Vancouver’s AI ecosystem “exploding” — helping keep Canadians at home

Peter McLachlan says he’s always excited when there’s a new wave to catch on the tech front.
“We saw the mobile wave coming a decade ago. When the storm hit around 2009 with the iPhone 3G announcement, we were already there with a product ready to go,” says the chief product officer for Mobify, a mobile customer engagement solution provider in Vancouver.

Fast forward a few years and Mobify is riding the AI wave. “AI is a really interesting wave,” he says. “It’s not like they haven’t been working on AI and machine learning for 40 years. But it has always been this dream that didn’t materialize. People often talked about the AI winter. Now it’s starting to thaw. The tools are finally making their way out of labs for general use.”

AI will help in Mobify’s ability to monitor customer behaviour patterns and use predictive analytics to build their customers’ marketing strategies. “The reality is individual differences are a lot bigger than any traditional statistical means of classification,” he explains. “If you can actually learn based on someone’s behaviour, you have a much better idea of what would be of interest to them.”

Two years into its AI work, in 2016 Mobify acquired Vancouver startup Pathful, a provider of machine-learning-based technology for behaviour-based targeting. The fact that AI talent was so close at hand was a big plus, McLachlan says. “That acquisition was specifically to acquire the technology and talent around AI.”

At this point, having AI is table stakes for business, he says. “It is becoming a key differentiator for a lot of tech companies. The differentiator for us is how we are able to get smart and train those algorithms, not necessarily invent them.”

Unlike many counterparts in recent years, Mobify has no plans to move head office operations out of the Vancouver region. “There are advantages to being here,” McLachlan says. “Historically the region has been underrated for its technology talent, but we actually have an incredible talent pool. UBC and Simon Fraser University are top-notch research universities. UBC punches over its weight class in terms of talent for its size.”

He acknowledges there had been a “bit of a brain drain” with grad students jumping to California, but the landscape is changing for the better. “It has been an easy jump for people here to make. But the ecosystem here has been exploding in the last few years in the way of incubators and big business making investments in here. Amazon, for example, is working out of downtown Vancouver.”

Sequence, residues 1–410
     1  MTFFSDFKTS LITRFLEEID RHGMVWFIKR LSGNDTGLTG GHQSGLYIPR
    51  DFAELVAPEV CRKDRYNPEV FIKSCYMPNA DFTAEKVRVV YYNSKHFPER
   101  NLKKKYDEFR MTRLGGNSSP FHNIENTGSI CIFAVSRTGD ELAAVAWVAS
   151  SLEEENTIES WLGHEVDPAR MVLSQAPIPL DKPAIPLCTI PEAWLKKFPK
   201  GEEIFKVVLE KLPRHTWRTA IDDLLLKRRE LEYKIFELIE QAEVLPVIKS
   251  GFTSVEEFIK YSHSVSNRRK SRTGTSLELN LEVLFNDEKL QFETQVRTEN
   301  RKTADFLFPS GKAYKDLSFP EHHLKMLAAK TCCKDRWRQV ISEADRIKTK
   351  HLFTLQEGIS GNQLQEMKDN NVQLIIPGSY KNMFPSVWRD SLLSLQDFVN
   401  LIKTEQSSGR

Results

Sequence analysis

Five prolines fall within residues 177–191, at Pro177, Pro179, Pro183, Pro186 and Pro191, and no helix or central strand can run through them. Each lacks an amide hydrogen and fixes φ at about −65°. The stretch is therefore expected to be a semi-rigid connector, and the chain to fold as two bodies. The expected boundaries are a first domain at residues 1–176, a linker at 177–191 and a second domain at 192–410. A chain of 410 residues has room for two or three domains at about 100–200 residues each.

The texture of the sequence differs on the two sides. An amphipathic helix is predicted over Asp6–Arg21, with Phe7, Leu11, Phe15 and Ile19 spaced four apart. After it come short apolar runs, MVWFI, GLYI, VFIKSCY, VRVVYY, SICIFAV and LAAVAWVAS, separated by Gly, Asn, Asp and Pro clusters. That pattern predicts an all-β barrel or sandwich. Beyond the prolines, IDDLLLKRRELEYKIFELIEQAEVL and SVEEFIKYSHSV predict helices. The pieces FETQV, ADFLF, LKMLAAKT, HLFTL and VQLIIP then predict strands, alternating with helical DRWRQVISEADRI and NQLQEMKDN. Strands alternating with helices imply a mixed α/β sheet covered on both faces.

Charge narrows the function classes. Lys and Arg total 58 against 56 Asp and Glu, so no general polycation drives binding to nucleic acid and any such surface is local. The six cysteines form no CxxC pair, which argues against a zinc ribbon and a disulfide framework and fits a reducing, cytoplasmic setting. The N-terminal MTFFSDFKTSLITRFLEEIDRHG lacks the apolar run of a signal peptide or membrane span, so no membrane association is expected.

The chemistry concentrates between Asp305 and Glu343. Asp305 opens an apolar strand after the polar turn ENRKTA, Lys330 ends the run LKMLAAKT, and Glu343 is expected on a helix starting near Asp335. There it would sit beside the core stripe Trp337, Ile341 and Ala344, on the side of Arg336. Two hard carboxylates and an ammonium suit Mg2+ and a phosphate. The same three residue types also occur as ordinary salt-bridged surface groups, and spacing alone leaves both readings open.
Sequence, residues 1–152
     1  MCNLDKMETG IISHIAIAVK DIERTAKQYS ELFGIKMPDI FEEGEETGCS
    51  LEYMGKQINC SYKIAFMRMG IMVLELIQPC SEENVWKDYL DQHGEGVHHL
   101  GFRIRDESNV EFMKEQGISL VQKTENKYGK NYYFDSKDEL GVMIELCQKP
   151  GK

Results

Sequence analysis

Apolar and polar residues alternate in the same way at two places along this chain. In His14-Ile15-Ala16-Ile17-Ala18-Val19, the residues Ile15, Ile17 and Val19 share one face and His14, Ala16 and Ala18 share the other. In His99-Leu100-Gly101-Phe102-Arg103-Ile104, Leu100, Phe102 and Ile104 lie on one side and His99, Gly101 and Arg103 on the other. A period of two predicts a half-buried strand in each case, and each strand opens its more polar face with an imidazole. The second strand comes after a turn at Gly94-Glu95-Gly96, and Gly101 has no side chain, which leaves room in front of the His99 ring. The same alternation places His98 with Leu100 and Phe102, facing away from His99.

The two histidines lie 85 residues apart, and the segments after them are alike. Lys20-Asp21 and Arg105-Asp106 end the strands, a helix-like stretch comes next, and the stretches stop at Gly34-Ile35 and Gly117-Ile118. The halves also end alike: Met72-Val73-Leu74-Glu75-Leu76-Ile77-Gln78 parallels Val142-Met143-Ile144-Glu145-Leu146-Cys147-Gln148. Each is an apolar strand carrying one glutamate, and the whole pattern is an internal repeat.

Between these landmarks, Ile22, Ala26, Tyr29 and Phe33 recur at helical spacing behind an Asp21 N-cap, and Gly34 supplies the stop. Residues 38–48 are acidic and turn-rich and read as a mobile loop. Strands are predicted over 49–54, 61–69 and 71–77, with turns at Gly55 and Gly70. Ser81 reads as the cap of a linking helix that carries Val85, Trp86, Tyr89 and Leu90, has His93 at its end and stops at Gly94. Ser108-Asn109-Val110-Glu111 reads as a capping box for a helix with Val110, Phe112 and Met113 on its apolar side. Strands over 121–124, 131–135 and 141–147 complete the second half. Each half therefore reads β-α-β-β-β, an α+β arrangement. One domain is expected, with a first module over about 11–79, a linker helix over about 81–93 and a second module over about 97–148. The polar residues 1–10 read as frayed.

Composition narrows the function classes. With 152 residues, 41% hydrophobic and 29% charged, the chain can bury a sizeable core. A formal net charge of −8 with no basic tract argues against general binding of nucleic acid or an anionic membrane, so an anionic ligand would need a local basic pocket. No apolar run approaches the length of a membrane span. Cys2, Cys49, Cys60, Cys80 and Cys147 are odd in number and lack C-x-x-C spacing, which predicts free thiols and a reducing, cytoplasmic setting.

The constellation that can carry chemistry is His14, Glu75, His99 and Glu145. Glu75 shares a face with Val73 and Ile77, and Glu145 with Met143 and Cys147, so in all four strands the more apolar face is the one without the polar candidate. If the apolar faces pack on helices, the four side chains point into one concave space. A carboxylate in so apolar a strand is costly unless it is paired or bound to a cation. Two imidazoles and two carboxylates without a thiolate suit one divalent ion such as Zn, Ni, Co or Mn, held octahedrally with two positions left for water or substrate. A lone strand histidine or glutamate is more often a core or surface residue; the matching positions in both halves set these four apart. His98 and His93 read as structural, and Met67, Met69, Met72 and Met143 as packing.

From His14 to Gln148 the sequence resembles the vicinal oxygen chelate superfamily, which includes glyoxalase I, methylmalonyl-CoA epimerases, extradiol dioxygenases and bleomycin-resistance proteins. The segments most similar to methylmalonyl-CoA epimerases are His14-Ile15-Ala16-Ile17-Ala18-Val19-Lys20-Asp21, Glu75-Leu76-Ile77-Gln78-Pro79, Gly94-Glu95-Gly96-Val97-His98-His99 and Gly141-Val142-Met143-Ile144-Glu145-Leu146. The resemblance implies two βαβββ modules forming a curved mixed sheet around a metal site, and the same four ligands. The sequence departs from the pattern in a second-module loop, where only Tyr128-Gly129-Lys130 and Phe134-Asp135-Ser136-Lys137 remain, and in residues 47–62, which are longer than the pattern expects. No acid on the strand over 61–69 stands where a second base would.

There is also a growing roster of investment initiatives from new incubators and accelerators to financing and R&D partnerships. Those investors are now concentrating their efforts in identifying talent and provincial opportunities to both attract students and capitalize on local expertise and talent, says Jérôme Nycz, executive vice-president, BDC Capital.

Vancouver’s increased its ability to retain talent, even when many interested investors are from the U.S., has been a boon, Nycz says. “We see a lot that are willing to maintain operations in Vancouver in their desire to keep teams whole. The quality of life is great and it’s one short flight from Silicon Valley and major west coast clients. Talent in Vancouver doesn’t walk away as easily these days.”

Better access to funding is certainly helping the cause. Mobify recently closed a funding round with BDC, after an initial round with Acton Capital [and Plaza Ventures] in 2015. “Up til then we bootstrapped,” McLachlan says. “We chose to take funding later. Now the funding environment is getting healthier. In fact, U.S.-based VCs with much larger funds are making investments in Canada.”

There is other movement afoot as well. The Expa Labs accelerator, which was started by Uber co-founder Garret Camp, chose Vancouver to open its first Canadian location and is recruiting the first group of entrepreneurs. Vanedge Capital, an early-stage VC fund that is currently investing in AI, cyber security, digital media and other “technology inflection points” in the region, is going strong. Creative Destruction Labs has opened a second accelerator in the city at UBC called CDL West to provide opportunities for students to work alongside entrepreneurs.

Scotiabank recently announced a $2 million donation to UBC to fund the Scotiabank Cybersecurity and Risk Analytics Initiative, that will include internships, speaker series, engagement activities (such as hackathons) and other collaborative events.

It’s part of a larger strategy with a number of academic institutions, says Michael Zerbs, Scotiabank’s chief technology officer. “We’ve really been impressed by the fact that UBC has very strong researchers on cyber attacks and specifically human and social issues relating to security and privacy. They are making strong contributions to financial risk modelling and statistics. I think we’re off to a very good start in Vancouver.”


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